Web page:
Bob Hawke on the cost of progress

Nuclear waste can fix economy, save planet, Hawke says

FORMER Prime Minister Bob Hawke has called for Australia to embrace nuclear waste storage in a bid to improve the economy and save the planet from "total destruction".

Speaking to a huge crowd at Woodford Folk Festival yesterday, Mr Hawke said the government should do more work towards an affirmative decision on nuclear waste being stored in Australia.

"It would be an essential part of the attack that must be made on this grievously dangerous, creeping global warming," he said.

"It would be a win for Australia because have no doubt, that the countries presently in the world who are producing energy through nuclear stations would pay well for the storage of nuclear waste."

Mr Hawke said it could also lead to the improvement of living conditions for underprivileged Aboriginal Australians, if a portion of funds created by the storage of nuclear waste were set aside for indigenous communities.

While his stance nuclear energy was supported by some, it drew opposition from many in the crowd.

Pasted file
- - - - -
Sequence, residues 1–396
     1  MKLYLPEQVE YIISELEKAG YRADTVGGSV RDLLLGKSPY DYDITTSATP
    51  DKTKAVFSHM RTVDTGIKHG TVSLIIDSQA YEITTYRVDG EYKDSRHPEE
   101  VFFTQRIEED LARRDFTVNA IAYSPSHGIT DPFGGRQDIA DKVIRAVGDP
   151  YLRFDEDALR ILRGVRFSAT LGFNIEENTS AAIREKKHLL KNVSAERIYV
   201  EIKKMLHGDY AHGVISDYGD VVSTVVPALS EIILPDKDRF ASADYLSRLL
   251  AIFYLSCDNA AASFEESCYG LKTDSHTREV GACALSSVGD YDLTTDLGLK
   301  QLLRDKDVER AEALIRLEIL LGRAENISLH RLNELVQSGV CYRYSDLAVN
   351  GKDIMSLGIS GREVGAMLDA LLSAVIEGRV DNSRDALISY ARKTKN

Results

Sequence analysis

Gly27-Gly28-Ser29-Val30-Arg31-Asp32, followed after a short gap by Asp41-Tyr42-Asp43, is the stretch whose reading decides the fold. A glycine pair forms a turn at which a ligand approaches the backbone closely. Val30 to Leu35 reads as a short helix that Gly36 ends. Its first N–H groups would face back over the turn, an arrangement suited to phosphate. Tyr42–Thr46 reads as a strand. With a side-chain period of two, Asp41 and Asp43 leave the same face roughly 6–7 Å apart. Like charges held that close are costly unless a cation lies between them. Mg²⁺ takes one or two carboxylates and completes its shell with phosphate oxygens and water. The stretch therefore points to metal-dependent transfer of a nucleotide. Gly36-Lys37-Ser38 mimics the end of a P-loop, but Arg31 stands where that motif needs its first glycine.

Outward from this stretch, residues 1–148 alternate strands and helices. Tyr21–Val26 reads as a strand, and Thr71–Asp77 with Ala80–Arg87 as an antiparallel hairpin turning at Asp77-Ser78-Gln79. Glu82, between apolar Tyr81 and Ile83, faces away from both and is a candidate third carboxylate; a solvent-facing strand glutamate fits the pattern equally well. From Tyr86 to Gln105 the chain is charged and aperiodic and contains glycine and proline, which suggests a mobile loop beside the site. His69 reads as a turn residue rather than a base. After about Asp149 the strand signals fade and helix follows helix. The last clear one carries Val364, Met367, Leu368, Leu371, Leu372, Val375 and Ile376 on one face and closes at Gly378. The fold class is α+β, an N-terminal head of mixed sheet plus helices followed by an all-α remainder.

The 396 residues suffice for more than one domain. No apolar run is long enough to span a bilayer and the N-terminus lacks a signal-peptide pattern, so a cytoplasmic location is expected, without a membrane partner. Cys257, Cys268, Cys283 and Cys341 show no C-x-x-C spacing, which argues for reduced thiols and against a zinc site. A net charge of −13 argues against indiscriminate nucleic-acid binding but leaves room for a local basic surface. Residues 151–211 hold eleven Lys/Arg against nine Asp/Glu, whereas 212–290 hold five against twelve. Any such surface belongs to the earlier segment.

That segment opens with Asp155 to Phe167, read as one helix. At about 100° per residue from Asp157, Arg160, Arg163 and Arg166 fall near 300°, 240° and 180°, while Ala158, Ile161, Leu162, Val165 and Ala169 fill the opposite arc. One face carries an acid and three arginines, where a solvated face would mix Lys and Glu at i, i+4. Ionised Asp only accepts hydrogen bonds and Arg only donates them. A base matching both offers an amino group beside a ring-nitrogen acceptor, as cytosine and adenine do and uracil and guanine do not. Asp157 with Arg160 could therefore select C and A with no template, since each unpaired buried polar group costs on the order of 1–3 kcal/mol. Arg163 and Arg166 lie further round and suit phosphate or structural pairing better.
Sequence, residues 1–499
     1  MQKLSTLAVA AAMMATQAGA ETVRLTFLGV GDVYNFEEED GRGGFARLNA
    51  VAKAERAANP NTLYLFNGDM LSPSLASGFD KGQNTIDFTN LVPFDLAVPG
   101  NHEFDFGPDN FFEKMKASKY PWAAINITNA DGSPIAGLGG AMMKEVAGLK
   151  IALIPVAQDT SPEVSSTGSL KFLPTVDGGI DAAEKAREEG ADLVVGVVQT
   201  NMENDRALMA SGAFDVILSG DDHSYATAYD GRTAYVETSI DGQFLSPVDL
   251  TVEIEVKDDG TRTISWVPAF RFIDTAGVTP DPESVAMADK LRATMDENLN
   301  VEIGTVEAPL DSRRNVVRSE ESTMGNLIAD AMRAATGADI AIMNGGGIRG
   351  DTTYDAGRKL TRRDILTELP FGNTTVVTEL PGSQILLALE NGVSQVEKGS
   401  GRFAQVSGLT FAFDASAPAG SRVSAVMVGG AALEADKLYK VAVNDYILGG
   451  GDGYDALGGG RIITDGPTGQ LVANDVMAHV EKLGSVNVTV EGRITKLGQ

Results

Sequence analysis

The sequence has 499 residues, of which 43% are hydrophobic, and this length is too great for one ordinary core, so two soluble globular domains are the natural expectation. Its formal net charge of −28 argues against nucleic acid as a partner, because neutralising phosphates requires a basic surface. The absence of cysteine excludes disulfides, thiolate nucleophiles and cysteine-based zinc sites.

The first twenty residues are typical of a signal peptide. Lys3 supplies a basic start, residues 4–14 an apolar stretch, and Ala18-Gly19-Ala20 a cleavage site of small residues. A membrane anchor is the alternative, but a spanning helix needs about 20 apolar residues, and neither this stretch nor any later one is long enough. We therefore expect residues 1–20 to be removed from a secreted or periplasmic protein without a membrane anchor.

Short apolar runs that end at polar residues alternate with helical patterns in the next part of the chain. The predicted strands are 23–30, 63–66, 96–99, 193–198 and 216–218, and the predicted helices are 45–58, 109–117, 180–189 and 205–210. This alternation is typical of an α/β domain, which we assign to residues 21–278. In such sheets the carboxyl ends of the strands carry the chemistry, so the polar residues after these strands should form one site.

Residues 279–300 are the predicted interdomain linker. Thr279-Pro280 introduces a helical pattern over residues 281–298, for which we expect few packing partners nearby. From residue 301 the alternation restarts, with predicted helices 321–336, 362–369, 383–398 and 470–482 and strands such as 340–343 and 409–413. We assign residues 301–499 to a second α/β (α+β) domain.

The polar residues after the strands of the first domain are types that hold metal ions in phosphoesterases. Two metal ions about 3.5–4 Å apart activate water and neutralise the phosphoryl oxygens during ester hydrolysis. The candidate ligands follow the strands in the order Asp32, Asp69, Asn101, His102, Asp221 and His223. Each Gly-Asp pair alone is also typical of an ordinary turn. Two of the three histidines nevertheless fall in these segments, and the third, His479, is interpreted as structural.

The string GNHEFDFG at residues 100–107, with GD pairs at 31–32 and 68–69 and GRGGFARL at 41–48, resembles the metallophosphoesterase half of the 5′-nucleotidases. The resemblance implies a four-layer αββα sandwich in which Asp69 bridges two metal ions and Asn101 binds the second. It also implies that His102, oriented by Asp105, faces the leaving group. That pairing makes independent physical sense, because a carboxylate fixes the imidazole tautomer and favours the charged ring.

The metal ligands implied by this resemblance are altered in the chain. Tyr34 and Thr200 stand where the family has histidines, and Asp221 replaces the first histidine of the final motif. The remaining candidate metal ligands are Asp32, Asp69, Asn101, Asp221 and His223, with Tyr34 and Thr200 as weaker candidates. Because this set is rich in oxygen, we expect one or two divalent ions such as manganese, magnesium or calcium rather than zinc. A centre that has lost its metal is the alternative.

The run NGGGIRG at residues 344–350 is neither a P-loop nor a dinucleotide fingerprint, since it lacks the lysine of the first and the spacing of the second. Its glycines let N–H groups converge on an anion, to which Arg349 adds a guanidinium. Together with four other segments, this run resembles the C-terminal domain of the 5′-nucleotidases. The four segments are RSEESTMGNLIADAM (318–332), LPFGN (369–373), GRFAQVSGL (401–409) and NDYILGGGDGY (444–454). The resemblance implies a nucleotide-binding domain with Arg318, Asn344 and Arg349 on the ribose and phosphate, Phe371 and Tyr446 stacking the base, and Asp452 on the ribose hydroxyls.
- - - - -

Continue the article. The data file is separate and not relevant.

CONTROVERSIAL: Bob Hawke's Woodford address drew backlash.
CONTROVERSIAL: Bob Hawke's Woodford address drew backlash. Tessa Mapstone

One festival goer shouted "no thank you" during the former PMs speech, and during question time anther said he was not prepared to deal with the risks involved in storing nuclear waste anywhere in Australia.

Mr Hawke said it was essential that emotion was removed from the debate, and rational thinking employed for the sake of future generations.

His speech came the day after he surprised Woodfordians on the festival's opening night by breaking out in song in front of a crowd of thousands in the Amphitheatre.

The 87-year-old looked frail as he was helped across the stage but as he sang Waltzing Matilda a chorus of festival goers joined him from their grassy, hillside seats.

Mr Hawke said Woodfordia was uniquely Australian.

"And there's something else that's uniquely Australian, and that's Waltzing Matilda," he said before singing the first words.

Paul Kelly, who performed later with Charlie Owen, said Mr Hawke's rendition was possibly the high point of his (Kelly's) showbiz career.

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